Customer Data Platforms guide businesses who require a marketing database with user-level data. There has been a surge of underlying challenges in marketing that has resulted in the software's rise in popularity. Let's explore exactly who, and how, customer data platforms can serve you business, whether it's B2B or B2C.
Customer Data Platforms were born out of necessity since customer data has become an essential cog of business operations and markets in modern retail.
CDPs aid companies in obtaining unified and accessible customer data, providing a solid foundation that a business would need in order to react to the dynamic changes in consumer expectations and deliver better-personalised experiences.
What is a Customer Data Platform?
A CDP is a software that accumulates and organises customer data across a variety of touchpoints. It is used by other software, systems, and marketing tools. CDPs collect and structure real-time data into individual, centralised customer profiles.
The CDP Institute define it as “a packaged software that creates a persistent, unified customer database that's accessible to other systems.”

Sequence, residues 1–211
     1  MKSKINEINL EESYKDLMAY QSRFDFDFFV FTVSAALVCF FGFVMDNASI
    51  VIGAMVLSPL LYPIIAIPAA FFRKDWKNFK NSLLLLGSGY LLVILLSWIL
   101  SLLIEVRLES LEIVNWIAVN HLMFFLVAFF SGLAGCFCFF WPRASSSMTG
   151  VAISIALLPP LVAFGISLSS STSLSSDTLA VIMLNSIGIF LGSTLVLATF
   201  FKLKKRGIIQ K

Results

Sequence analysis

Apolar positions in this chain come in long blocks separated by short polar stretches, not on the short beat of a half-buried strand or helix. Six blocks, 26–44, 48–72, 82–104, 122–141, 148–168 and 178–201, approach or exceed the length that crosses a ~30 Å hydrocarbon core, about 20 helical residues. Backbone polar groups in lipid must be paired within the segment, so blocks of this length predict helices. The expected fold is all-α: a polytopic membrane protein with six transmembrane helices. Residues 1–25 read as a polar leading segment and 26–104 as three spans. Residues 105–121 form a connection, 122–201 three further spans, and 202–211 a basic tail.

CDPs build customer profiles by integrating data from a variety of first, second, and third-party sources. This includes both CRMs & DMPs, transactional systems, web-forms, email & social media activity and ecommerce behavioural data.
Whichever CDP you choose for your business, it will greatly help in acquiring and optimising a marketing database with user-level data. There has been a growth of underlying challenges in marketing that has resulted in the software's rise in popularity.
Why do businesses use CDPs? What exactly can they do for, say, B2B and B2C retailers? Here's a few customer data platform examples:
How does a Customer Data Platform work?
Personalisation: Say in one instance, a consumer enters your website, views a product and then subsequently departs. Imagine now being able to collate everything you’ve learned about the customer in that brief moment, to then send a personalised offer via email or push notification? CDPs make the unified profile available to all addressable channels, tailoring personalisation and relevancy. Customers who see content tailored to their interests are five times as likely to engage with a brand.
Insights: The majority of analytics systems operate in data silos. If a phygital retailer possessed the knowledge of a customer’s marketing interactions combined with ecommerce data (say, purchase history) and website interaction data (products viewed, time spent on page, etc) — and divulged that information to a service rep in the call centre? This type of personalisation can evolve your customer service reps into incredibly valuable sales assets.
Suppression: Sometimes the best use of data in marketing isn’t to better target consumers — but to not target them at all. A unified profile that connects marketing and purchase data enables marketers to optimise their addressable spend by suppressing consumers that have already made a purchase, and redirecting those pennies toward new customers.